clock menu more-arrow no yes mobile

Filed under:

Sunday NFL Thoughts: Brandon Bolden scheduled for more cash in 2017 than James White

The running back market is seriously depressed.

1. ESPN’s Mike Reiss has the contract details for New England Patriots RB Brandon Bolden. It is a 1-year, $775,000 contract with a $50,000 signing bonus and a $30,000 workout bonus. It’s a minimum-contract deal without much guaranteed money; Bolden previously played under a 2-year deal, $2.32 million deal, so he’s going to earn less money in 2017 than he did in 2015 and 2016, reflecting that Bolden is firmly on the fringe of the roster.

Bolden is a good special teams player with extreme depth value backing up both the running back and receiving back roles.

Bolden’s money in 2017 is the third-most for running backs on the roster, behind only RB Rex Burkhead ($3.15 million) and RB Dion Lewis ($1.4 million). Bolden actually ranks ahead of James White in 2017 money, since White’s base salary is $690,000. When you factor in White’s prorated signing bonus, he barely slips ahead of Bolden at $789,272.

Bolden is of course ahead of RB D.J. Foster, who is scheduled to earn $540,000 in 2017.

2. Bolden’s return means there are just three Patriots unrestricted free agents still on the street: TE Greg Scruggs, who is coming off a knee injury; WR Michael Floyd, who went to jail for 24 days this offseason for an “extreme DUI”; and RB LeGarrette Blount, who led the NFL in rushing touchdowns in 2016.

One of these things is not like the others.

Of course, the Patriots are interested in Blount’s return for 2017, but they don’t want to hand out a big contract. CSNNE’s Mike Giardi reports that the Patriots have “an offer on the table for Blount,” but ESPN’s Mike Reiss adds that “guaranteed money is the holdup.”

There hasn’t been much reported interest in Blount by teams around the league this offseason, despite the Patriots initial concerns that they wouldn’t be able to retain his services.

Blount is not a threat as a receiver and he isn’t a consistent blocker. His 2016 short-yardage (<2 yards) conversion rate of 63% ranks 35th out of 60 running backs with 10+ attempts. His 2016 average first down yardage of 3.74 yards per carry ranks 32nd of 47 running backs with 50+ attempts. Blount’s success rate ranked 28th and his DVOA ranked 18th out of 42 running backs, by Football Outsiders.

I would expect that the Patriots are offering Blount another high-incentive contract with the expectation that Burkhead will be the leading back, and that Blount won’t be able to match his 2016 production moving forward. Blount, for his part, would want more guaranteed money for his financial security.

3. I also have a hard time seeing the Patriots signing Blount to a multi-year pact. Of the players under contract, Foster is the only player currently scheduled to be with the Patriots beyond 2017, as White, Lewis, Burkhead, and Bolden will all be free agents.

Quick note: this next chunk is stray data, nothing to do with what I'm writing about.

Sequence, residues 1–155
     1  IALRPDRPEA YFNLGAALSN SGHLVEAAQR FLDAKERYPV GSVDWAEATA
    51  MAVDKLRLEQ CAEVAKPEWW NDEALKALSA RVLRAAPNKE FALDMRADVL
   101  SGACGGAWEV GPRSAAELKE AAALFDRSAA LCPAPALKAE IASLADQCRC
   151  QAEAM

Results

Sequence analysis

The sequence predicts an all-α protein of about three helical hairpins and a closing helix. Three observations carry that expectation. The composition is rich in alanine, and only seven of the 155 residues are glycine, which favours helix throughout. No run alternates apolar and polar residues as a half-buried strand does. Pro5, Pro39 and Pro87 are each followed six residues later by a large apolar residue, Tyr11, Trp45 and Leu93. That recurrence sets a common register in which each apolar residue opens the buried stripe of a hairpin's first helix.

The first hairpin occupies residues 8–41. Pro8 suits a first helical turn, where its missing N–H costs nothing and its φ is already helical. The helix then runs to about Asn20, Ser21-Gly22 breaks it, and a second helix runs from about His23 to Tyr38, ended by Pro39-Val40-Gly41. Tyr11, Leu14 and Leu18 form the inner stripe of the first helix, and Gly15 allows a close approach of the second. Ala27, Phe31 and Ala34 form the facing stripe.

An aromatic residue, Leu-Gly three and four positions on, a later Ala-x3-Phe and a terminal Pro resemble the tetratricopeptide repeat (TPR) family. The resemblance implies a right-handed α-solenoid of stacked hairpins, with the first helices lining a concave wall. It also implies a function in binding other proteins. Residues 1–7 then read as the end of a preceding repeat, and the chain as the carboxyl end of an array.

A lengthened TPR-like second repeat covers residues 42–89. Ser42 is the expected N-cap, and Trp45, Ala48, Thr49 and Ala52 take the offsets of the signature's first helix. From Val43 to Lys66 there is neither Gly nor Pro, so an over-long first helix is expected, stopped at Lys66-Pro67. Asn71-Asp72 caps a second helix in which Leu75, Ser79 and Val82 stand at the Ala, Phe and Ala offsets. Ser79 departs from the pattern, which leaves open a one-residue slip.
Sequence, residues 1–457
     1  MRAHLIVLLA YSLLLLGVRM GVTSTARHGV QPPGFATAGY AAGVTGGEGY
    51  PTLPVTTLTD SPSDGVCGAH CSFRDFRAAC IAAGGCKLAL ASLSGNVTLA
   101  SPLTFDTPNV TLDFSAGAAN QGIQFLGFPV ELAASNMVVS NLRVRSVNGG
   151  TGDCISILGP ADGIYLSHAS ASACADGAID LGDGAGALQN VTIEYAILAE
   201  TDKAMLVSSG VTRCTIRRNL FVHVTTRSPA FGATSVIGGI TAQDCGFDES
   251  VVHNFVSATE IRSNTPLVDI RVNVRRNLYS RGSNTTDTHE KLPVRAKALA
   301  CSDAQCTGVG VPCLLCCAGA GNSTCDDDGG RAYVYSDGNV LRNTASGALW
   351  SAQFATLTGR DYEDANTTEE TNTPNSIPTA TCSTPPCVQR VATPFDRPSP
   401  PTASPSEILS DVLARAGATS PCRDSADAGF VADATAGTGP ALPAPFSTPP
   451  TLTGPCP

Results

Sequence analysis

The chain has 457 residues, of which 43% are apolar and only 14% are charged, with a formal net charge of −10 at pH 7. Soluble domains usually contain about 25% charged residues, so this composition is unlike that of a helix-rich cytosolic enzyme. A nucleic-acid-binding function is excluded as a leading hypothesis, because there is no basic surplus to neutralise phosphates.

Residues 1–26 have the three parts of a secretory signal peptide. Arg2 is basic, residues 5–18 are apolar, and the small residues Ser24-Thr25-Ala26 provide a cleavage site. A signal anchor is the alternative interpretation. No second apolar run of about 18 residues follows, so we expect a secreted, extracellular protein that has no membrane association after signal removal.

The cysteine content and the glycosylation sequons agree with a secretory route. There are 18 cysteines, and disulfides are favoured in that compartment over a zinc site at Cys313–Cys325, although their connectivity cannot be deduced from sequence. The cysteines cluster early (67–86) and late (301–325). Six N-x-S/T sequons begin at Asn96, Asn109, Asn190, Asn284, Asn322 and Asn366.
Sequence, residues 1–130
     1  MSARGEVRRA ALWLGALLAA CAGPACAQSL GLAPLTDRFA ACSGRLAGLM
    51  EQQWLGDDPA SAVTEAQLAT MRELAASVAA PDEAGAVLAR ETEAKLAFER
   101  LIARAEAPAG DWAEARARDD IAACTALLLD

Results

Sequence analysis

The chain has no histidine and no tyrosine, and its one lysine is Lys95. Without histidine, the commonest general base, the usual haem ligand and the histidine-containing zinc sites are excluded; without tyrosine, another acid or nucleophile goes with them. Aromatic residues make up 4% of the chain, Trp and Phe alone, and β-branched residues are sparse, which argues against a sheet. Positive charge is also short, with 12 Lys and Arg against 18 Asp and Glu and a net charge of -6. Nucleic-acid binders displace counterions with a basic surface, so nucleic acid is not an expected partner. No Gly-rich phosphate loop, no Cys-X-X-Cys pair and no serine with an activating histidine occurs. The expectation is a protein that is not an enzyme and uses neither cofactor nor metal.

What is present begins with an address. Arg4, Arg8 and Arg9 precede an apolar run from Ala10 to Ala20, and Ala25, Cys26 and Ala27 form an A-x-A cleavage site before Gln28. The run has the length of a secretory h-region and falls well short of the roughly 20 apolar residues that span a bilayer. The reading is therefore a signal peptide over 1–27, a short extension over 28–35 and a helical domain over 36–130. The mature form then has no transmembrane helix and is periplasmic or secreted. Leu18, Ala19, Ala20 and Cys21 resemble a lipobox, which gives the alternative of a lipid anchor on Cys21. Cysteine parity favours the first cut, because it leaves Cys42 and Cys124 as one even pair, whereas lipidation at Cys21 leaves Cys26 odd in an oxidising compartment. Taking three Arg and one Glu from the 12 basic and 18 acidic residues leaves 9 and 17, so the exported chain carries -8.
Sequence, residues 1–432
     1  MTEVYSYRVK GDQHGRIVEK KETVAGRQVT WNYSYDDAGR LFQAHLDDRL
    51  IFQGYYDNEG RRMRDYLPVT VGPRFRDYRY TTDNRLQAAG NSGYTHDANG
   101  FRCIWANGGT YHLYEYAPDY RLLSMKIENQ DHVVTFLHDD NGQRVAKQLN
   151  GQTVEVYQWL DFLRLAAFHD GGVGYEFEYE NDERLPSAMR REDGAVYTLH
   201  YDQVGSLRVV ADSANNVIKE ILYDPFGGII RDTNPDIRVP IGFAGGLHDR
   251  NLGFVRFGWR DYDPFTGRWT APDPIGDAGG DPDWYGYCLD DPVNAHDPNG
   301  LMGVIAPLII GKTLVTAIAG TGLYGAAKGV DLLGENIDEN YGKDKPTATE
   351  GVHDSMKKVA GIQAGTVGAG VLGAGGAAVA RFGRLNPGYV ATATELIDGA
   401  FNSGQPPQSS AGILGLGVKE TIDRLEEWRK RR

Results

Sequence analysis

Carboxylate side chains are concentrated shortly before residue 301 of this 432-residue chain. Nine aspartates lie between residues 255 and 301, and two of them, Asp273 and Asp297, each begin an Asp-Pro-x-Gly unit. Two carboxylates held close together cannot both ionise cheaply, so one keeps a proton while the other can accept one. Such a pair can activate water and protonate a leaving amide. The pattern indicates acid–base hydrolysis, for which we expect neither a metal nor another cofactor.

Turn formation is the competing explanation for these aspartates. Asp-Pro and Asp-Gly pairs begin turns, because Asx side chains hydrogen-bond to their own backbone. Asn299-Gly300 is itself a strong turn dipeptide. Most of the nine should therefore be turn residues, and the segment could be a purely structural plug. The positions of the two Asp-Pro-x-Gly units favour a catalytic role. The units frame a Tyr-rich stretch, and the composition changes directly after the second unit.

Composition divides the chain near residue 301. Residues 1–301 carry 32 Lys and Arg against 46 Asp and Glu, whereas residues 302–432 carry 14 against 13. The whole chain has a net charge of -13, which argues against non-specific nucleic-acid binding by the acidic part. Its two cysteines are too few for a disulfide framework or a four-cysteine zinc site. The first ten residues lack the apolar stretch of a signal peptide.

This is a sign of how the Patriots view the position as fungible, and because the team believes that certain roles- like Blount in the powerback- can be easily replaced.

While Burkhead’s contract structure seems like a one-year rental that he’ll leverage into a big-money deal from a team like the 49ers or Browns, I do wonder if the team wants to retain White or Lewis moving forward.

Lewis is the better player if he can regain his 2015 form. White is extremely durable and just as good of a receiver, but he lacks Lewis’ ability to run the ball. Of course, White broke out in Super Bowl LI, so perhaps his rushing ability will take a step forward in 2017.

4. Running back isn’t the only position that will need to be replenished in 2018. The Patriots are expected to draft an edge rusher and a developmental offensive tackle in this upcoming draft because Rob Ninkovich, Kony Ealy, Nate Solder, Cameron Fleming, and LaAdrian Waddle will all be free agents after this 2017 season.

While running backs are interchangeable, the edge rusher and offensive tackle positions usually require a season or two in the Patriots system to learn the role correctly.

5. The Patriots are in a position to go through the 2017 season and head into 2018 without any real needs. The Patriots could extend White or Lewis to close the hole at running back. If the Patriots extend Solder, which they should because he’s a very solid offensive tackle, then there is no immediate need at the position. If the Patriots pick up the fifth-year option of WR Brandin Cooks, then there is no need at wide receiver, even if Julian Edelman departs (which is probably unlikely).

The only real hole in the starting unit moving forward is at edge rusher and the Patriots can address that in the upcoming draft. Every other position is set, and any additional player would be to upgrade a competent starter.

6. The rest of the league must feel like former Pittsburgh Steelers S Ryan Clark: